The Lab Rubric specifies that if the assignment requires designing and laying out user interface elements, the student will be able to do so using code.
In some programming classes (for example, CIS 133B and CIS 233B), students are required to design and build a GUI for their programs. In most programming languages and development environments, there are two ways to accomplish this:
Generally speaking, a blind student will be unable to construct a user interface using a WYSIWYG interface building tool. Even for development environments that are mostly accessible, it is often the case that interface building tools will lack keyboard shortcuts and will be incompatible with screen reading software. In addition, students with motor control impairments may also find it difficult to use these tools with sufficient accuracy. Whenever possible, if an existing lab requires the use of a WYSIWYG interface building tool, consider whether any of these other approaches can be used as an alternative:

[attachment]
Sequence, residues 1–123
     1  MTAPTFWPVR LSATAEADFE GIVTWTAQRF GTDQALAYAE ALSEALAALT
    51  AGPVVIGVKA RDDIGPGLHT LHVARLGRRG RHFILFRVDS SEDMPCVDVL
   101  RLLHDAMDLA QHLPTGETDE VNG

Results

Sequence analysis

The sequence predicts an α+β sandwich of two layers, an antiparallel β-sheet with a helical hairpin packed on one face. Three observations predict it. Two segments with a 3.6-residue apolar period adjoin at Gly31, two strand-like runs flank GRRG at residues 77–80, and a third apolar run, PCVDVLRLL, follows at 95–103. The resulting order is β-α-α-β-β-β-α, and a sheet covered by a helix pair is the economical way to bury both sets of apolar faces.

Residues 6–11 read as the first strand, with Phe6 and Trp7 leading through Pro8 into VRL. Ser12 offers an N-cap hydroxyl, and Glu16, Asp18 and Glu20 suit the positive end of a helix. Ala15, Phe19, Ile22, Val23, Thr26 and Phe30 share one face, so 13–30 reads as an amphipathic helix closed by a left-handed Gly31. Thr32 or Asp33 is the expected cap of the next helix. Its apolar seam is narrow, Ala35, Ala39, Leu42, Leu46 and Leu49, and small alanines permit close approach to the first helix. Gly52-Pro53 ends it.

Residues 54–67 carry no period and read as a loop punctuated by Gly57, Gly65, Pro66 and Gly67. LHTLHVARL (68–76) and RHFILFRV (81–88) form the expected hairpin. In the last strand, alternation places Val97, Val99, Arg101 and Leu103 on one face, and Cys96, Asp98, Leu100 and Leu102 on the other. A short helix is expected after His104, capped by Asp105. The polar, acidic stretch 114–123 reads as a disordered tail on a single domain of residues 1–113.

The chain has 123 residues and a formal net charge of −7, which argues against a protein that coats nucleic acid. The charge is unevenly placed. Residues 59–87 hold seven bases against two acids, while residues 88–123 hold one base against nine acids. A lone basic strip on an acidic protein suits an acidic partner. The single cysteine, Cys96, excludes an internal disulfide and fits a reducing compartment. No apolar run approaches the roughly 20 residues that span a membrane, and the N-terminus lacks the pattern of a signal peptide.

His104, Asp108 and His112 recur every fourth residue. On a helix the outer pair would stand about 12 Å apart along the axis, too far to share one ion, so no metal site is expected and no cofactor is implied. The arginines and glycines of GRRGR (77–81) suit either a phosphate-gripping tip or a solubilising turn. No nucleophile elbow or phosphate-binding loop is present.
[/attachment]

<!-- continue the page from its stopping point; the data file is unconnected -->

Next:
Any of the above alternatives may enable the student to complete the remainder of the lab. However, it is worth noting that accommodations should not require a fundamental change to the learning outcomes for the course. If one or more learning outcomes are centered around interface design, and the course is dedicated to learning a particular programming language or development environment for which no accessible alternative exists, then it may be more appropriate for Disability Services to warn the student that there will be accessibility issues in the class. However, it is the student's right to make the ultimate decision as to whether to sign up for the course.